While the Bank of Japan resolutely maintains its 2 percent inflation target, Credit Suisse Group AG says that’s an unrealistic goal.
The Japanese economy is enjoying a cyclical recovery, benefiting from a pick up in global demand, but nothing suggests structural change, said Hiromichi Shirakawa, chief Japan economist at Credit Suisse and a former BOJ official.
“It’s difficult for us to say that 2 percent inflation is achievable in a sustained manner,” said Shirakawa, speaking to Bloomberg Television’s Rishaad Salamat and Haidi Lun in an interview. “We are not seeing yet any structural shift in the mindset or behavior of corporates and households in Japan.”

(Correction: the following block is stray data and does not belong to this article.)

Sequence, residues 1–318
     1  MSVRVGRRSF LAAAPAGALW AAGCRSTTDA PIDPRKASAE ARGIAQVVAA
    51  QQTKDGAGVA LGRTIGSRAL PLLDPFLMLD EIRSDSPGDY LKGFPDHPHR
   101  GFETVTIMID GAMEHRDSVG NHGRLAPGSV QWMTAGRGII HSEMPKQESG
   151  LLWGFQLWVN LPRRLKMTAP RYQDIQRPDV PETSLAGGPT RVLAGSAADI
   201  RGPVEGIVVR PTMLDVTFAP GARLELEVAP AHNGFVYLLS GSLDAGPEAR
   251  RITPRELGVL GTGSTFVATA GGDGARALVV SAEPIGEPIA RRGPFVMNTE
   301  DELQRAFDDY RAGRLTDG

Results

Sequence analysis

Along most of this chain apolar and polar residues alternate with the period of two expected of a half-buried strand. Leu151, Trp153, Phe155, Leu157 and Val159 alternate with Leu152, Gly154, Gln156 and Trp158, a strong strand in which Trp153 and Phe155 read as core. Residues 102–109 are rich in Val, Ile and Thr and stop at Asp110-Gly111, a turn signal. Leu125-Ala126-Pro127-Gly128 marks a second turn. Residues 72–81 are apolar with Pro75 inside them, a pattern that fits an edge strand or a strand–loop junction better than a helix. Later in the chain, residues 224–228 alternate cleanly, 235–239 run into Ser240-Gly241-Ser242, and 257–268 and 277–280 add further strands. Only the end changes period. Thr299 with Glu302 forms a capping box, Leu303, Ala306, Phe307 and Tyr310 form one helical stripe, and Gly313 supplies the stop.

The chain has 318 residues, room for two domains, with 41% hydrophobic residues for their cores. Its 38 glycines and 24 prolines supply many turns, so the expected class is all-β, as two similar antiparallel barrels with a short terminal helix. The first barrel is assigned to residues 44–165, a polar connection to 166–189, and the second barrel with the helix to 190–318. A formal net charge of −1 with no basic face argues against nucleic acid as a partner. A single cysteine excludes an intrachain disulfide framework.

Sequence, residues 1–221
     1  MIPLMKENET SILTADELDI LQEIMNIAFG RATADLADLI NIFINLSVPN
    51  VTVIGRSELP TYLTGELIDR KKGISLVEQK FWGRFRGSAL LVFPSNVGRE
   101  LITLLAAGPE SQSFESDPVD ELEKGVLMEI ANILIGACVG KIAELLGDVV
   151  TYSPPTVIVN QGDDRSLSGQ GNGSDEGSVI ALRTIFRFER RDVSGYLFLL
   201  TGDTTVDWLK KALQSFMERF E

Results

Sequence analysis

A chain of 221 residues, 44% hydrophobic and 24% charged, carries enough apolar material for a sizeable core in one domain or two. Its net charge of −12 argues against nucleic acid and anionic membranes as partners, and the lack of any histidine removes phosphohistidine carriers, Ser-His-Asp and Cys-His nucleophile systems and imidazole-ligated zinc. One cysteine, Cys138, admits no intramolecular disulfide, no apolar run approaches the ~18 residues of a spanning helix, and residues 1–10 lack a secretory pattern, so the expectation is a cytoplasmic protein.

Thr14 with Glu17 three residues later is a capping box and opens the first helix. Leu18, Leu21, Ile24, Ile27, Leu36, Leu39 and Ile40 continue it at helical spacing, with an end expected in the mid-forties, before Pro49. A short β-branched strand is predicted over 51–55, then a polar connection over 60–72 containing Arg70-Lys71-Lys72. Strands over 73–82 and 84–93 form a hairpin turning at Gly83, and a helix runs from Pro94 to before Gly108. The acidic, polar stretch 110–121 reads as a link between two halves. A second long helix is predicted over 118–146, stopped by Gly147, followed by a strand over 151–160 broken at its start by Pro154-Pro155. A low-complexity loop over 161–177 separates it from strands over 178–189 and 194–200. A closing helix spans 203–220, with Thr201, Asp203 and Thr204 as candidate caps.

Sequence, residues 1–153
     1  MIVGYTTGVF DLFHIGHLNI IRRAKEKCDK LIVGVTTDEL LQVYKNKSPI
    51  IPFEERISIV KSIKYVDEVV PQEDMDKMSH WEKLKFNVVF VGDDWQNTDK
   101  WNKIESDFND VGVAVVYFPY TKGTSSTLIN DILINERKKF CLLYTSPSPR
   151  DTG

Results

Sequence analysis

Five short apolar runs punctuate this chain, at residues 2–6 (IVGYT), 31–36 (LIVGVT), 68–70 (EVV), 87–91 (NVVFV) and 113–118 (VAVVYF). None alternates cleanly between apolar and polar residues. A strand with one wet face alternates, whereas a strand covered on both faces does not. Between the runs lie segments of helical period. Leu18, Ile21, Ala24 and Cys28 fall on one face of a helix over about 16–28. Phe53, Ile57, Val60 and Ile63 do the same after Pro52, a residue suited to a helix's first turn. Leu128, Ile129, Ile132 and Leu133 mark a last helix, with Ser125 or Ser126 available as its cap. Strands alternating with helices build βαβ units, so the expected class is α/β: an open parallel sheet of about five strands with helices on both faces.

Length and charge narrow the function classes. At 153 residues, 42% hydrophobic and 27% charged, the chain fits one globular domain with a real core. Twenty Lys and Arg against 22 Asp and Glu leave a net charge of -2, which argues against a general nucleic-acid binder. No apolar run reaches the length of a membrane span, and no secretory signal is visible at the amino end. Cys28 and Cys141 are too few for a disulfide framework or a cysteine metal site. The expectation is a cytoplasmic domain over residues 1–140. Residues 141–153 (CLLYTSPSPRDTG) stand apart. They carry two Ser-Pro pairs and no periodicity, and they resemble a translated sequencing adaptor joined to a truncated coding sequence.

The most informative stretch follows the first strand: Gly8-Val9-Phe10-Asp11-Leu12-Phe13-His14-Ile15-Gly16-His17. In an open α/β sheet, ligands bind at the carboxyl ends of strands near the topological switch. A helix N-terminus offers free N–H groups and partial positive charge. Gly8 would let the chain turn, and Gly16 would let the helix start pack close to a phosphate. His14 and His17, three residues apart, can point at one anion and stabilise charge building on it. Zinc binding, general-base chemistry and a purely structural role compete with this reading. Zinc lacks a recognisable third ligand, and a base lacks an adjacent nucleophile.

Neither labor productivity nor consumption is improving, while people are still cautious about spending money, and savings rates remain high, Shirakawa said. Companies are finding it hard to raise wages without more flexibility over firing employees, he said.
Given this environment, the central bank is likely to have already given up on achieving 2 percent inflation and are thinking of normalizing monetary policy, but can’t drop the target for fear of yen appreciation, said Shirakawa.
While majority of 44 economists surveyed by Bloomberg last month don’t expect the BOJ to change its policy in 2018, a large minority of 19 think the central bank will tighten policy in some way this year.
BOJ Governor Haruhiko Kuroda reiterated on Thursday that Japan’s deflationary mindset isn’t disappearing easily, and that the central bank must continue its quantitative easing program.